Got an email recently from a reader with a concern (and frustration…) we’ve all come up against at some point in our commercial writing careers. He wrote:
The challenge that’s just unnerving me is how to shift prospects’ minds from thinking they can do the writing themselves instead of paying a commercial freelancer $100+ an hour to do it. What would be the best way to create a brand that would neutralize this kind of thinking on the part of prospects?
Got a similar question posed to me by one of my group coaching participants:
What’s the best way to approach an industry that often relies on in-house engineers to write its copy? Should I try to convince them that a good writer is a better choice than an engineer, or could I instead offer editorial services in these cases?
Here’s an aggregate response to the both of them. There are two ways to approach this issue and both have merit.
#1: A question immediately comes to mind: Why are you wasting your time trying to convince people who don’t think they need a professional writer, to start using one, rather than finding those clients who understand the value of good copywriting and already use writers, or, at the very least, are open to hiring one?
In one of my books, I talk about The Salad Dressing Rule (explained by a fellow freelance commercial writer friend):
If you sell salad dressing, it’s far easier to convince someone who already eats salad to try your dressing than to convince someone who doesn’t eat salad at all that they should start doing so.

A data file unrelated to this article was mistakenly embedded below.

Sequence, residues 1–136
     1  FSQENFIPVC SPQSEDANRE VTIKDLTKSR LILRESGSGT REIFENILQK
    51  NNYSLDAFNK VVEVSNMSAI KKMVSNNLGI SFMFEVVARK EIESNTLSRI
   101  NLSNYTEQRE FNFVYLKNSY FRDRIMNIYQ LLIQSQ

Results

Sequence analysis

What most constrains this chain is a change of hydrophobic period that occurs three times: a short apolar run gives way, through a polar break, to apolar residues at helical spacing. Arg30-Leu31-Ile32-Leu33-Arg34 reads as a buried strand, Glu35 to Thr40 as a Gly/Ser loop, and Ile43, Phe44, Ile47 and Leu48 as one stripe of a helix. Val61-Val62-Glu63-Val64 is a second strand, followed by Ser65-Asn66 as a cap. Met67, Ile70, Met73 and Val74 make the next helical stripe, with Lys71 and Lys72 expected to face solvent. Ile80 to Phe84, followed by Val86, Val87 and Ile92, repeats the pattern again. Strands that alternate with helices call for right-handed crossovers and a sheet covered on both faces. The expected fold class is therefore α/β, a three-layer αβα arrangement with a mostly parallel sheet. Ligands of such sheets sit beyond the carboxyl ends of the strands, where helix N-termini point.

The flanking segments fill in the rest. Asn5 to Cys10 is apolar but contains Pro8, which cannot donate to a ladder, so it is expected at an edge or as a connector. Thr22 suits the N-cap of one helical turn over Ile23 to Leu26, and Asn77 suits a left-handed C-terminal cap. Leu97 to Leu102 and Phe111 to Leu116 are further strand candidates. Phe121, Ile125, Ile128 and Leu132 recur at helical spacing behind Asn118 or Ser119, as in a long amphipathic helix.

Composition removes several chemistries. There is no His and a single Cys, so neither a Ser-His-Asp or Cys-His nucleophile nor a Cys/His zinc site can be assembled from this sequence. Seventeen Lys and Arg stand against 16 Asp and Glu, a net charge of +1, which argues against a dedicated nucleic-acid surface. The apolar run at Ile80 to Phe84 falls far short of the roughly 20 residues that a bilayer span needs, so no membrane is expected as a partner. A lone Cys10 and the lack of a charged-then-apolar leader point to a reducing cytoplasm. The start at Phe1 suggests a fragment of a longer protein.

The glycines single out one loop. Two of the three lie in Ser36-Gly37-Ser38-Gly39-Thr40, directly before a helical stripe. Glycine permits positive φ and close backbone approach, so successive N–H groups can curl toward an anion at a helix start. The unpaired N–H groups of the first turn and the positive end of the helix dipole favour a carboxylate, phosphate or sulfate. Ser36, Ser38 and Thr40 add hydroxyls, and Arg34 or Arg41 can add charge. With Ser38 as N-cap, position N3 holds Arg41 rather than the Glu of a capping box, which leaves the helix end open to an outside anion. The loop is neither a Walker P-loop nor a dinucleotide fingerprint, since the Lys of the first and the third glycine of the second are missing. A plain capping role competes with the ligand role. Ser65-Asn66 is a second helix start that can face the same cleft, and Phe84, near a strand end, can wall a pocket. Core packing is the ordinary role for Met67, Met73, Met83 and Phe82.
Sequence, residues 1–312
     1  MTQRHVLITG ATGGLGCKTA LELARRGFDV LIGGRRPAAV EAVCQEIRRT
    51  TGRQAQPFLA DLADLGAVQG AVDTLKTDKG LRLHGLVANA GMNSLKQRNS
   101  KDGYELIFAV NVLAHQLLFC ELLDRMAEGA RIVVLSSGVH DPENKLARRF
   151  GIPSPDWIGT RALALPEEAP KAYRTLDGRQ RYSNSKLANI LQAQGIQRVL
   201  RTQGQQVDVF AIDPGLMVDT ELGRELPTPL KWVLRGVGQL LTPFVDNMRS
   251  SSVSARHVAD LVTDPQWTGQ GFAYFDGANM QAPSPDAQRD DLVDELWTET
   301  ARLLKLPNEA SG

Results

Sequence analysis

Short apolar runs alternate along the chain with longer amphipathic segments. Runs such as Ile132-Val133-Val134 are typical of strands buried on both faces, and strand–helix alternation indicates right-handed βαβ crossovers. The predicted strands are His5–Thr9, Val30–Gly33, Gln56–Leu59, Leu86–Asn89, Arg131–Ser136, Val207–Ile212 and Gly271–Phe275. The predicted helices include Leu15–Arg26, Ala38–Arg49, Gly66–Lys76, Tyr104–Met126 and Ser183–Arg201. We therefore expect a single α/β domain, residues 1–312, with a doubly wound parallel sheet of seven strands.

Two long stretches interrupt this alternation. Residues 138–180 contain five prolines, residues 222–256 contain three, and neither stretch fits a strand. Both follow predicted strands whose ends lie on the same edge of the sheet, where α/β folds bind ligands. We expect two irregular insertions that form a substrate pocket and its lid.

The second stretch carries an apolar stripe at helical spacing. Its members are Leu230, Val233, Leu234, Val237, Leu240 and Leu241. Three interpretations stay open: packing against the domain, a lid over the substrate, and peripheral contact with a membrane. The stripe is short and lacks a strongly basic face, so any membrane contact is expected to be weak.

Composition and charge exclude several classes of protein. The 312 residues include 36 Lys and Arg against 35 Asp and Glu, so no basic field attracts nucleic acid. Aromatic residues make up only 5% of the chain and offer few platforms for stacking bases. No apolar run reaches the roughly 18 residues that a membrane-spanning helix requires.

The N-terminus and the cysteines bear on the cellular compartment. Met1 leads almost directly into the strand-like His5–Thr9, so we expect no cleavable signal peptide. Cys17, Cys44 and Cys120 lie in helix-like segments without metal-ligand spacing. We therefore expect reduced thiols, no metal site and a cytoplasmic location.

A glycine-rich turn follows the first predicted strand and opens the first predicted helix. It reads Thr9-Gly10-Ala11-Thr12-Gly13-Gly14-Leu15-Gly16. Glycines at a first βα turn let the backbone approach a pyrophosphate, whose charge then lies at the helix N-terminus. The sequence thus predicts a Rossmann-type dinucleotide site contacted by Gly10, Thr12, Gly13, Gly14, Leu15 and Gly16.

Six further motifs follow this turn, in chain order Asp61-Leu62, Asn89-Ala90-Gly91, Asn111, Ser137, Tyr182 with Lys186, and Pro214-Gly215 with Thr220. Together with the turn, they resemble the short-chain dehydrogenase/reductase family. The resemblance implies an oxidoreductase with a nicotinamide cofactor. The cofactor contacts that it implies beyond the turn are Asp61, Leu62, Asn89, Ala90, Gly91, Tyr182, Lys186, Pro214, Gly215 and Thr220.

In both cases, these folks are finding people who “don’t eat salad.” So, using the prospecting strategies laid out in the book, start barking up some different trees.
Bottom line, you can’t convince those who are convinced otherwise, unless you get them to try you out and they see the difference a commercial copywriter can make. Which leads to the second approach…
#2: As many experienced copywriters have noticed in their travels, getting a prospect to understand what we do by trying us out will often make converts of them (assuming we’re good at what we do, and understand that particular client’s business). As such, in the case of the engineering firm (or ANY prospect who’s hesitant to hire you to execute a writing project from scratch), yes, maybe you offer editing as a door-opener.
If the client has an epiphany (and I’ve seen it happen plenty) based on the editing, maybe they’ll try you out right from the get-go the next time around. All you can do is offer. If the client isn’t receptive, move on. If you’ve had other clients start out as they did and become converts, make sure you’re getting testimonials from them and share those with the hesitant ones…
(NOTE: this is where building alliances with graphic designers can really help. Designers hate designing around crappy copy and ending up with a sample that looks great but reads like doo-doo. So if they have a client who’s written their own copy (and it shows), and you’ve built a partnership with that designer based on delivering superior copy that makes their design shine, they’ll often try to persuade the client to hire you, knowing the client will end up with a more effective piece, which can only reflect well on them. Not to mention they get a stronger piece for their book. In those cases, you’ve got a third-party doing the selling, which can be more compelling. Doesn’t always work, but when it does… There are few things sweeter than seeing an erstwhile skeptical client find religion after seeing professionally written copy that positively puts theirs to shame.)